The **plus (+) and minus (−) signs** are used universally to represent the operations of addition and subtraction, and have been extended to many other meanings, more or less analogous.

Though the signs now seem as familiar as the alphabet or the Hindu-Arabic numerals, they are not of great antiquity. The Egyptian hieroglyphic sign for addition, for example, resembled a pair of legs walking in the direction in which the text was written (Egyptian was written in varying directions), with the reverse sign indicating subtraction:

<hiero>D54- or -D55</hiero> |

In Europe in the early 15th century the letters P and M were generally used.

The earliest print appearance of the modern signs seems to come from a book on "Behende und hüpsche Rechenung auff allen Kauffmanschafft" or *Mercantile Arithmetic* by Johannes Widman in 1489, used to indicate surpluses and deficits. The **+** is a simplification of the Latin "et" (comparable to the ampersand **&**). The **−** may be derived from a tilde written over **m** when used to indicate subtraction; or it may come from a shorthand version of the letter m itself.

According to the Earliest Uses of Various Mathematical Symbols website, a book published by Henricus Grammateus in 1518 is the earliest found to use + and - for addition and subtraction.

Robert Recorde, the designer of the equals sign introduced plus and minus to the UK in 1557 in *The Whetstone of Witte*. Recorde wrote, *There be other 2 signes in often use of which the first is made thus + and betokeneth more: the other is thus made - and betokeneth lesse.*

## Alternate uses

The plus sign can mean many different operations, depending on the mathematical system under consideration. Many algebraic structures have some operation which is called, or equivalent to, addition. Moreover, the symbolism has been extended to very different operations, such as concatenation of strings of characters.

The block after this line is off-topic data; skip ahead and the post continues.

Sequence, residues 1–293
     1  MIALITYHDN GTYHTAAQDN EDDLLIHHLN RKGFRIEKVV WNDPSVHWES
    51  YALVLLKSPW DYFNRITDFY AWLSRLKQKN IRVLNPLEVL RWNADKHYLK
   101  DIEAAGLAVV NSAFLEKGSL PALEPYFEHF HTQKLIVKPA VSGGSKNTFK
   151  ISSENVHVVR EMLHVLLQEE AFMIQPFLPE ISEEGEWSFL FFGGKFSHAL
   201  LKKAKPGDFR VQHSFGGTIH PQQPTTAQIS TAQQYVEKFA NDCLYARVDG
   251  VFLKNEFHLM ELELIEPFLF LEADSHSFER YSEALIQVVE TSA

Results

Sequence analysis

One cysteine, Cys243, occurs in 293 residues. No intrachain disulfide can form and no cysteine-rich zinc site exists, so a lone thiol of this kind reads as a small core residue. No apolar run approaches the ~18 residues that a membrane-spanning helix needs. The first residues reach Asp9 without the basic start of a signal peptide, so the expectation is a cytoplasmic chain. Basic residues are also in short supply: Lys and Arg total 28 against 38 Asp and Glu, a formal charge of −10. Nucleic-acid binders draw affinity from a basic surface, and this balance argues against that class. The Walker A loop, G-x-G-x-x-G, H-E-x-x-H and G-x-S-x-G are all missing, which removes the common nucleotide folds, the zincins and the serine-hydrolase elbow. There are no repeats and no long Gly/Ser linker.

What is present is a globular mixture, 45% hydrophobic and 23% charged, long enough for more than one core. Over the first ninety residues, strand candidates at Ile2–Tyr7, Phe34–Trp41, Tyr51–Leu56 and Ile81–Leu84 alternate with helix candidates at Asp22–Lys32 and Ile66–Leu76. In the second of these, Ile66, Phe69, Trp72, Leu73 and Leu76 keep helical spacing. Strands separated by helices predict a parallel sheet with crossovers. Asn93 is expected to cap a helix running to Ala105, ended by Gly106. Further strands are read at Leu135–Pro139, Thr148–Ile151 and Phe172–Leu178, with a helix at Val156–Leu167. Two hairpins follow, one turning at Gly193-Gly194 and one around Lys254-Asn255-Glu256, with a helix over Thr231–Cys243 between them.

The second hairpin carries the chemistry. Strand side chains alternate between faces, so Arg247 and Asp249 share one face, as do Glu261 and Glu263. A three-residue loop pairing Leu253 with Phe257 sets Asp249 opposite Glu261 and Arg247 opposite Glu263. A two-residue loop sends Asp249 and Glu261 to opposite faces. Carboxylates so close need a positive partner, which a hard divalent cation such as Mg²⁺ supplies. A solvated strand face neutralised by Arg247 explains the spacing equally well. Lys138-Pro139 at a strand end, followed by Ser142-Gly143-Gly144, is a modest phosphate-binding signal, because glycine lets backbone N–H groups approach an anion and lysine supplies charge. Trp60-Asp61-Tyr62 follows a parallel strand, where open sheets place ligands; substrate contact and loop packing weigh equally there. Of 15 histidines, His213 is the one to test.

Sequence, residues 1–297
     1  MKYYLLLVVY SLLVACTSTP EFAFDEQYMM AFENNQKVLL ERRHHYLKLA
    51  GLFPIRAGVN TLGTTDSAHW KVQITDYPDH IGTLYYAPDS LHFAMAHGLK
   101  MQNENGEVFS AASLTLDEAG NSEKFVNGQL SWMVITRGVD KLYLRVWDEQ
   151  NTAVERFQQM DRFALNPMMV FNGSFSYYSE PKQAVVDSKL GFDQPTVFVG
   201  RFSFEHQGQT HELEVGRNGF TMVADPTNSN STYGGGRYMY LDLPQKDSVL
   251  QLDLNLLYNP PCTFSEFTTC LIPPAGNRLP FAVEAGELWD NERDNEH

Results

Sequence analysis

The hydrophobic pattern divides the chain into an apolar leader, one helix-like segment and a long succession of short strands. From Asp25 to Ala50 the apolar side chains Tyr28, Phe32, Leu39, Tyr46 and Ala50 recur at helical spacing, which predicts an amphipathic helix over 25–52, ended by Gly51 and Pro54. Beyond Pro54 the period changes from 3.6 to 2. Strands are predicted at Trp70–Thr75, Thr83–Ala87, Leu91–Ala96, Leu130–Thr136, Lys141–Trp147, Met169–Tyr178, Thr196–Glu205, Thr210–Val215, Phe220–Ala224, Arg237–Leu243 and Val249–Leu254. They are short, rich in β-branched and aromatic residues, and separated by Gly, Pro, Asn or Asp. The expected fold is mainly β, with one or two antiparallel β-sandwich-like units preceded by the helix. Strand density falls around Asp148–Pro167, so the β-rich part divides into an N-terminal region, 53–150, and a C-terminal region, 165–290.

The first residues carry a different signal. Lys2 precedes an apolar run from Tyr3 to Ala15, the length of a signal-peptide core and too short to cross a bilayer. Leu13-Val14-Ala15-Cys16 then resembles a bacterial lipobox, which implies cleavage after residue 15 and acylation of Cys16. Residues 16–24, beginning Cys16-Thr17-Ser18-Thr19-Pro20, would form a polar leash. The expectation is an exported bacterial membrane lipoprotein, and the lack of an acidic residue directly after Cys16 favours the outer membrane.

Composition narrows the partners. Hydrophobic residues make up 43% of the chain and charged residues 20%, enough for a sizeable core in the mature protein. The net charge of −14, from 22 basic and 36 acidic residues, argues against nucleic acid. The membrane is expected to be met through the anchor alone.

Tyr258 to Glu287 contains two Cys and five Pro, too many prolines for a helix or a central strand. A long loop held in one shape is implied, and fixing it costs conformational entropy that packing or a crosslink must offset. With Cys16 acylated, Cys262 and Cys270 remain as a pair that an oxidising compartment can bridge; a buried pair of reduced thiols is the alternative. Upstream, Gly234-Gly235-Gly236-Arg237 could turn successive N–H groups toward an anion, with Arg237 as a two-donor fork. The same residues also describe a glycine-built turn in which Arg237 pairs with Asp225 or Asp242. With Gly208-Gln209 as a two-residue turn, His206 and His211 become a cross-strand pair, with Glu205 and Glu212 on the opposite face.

Plus can mean:

## Plus and minus signs in other cultures

A Jewish tradition dating at least from the 19th century is to write *plus* using a symbol like an inverted T. This practice was adopted into Israeli schools in the 1970s and is now commonplace in most elementary schools (including secular schools) and some secondary schools. It is also used occasionally in books by religious authors, but most books for adults use the international symbol "+". The usual explanation for the practice is that it avoids the writing of a symbol "+" that looks like a Christian cross. Unicode has this symbol at position U+FB29 "Hebrew letter alternative plus sign" (﬩).

## In computing

In Unicode, the **plus sign** (+) has the code point U+002B.

The **minus sign** (−) is U+2212. In HTML it can be entered using the character entity `−` or one of the numeric forms `−` or `−`. The Unicode minus sign is designed to be the same length and height as the plus and equals signs. In most fonts these are usually monospaced along with the numbers for ease when being used in tabular formats.

The **hyphen-minus sign** (-) is U+002D. This is the ASCII version of the minus sign, and doubles as a hyphen. It is usually shorter in length than the plus sign and sometimes at a different height. It should be used for the minus sign only when the character set is limited to ASCII, or with fixed-width fonts.

## See also

## External links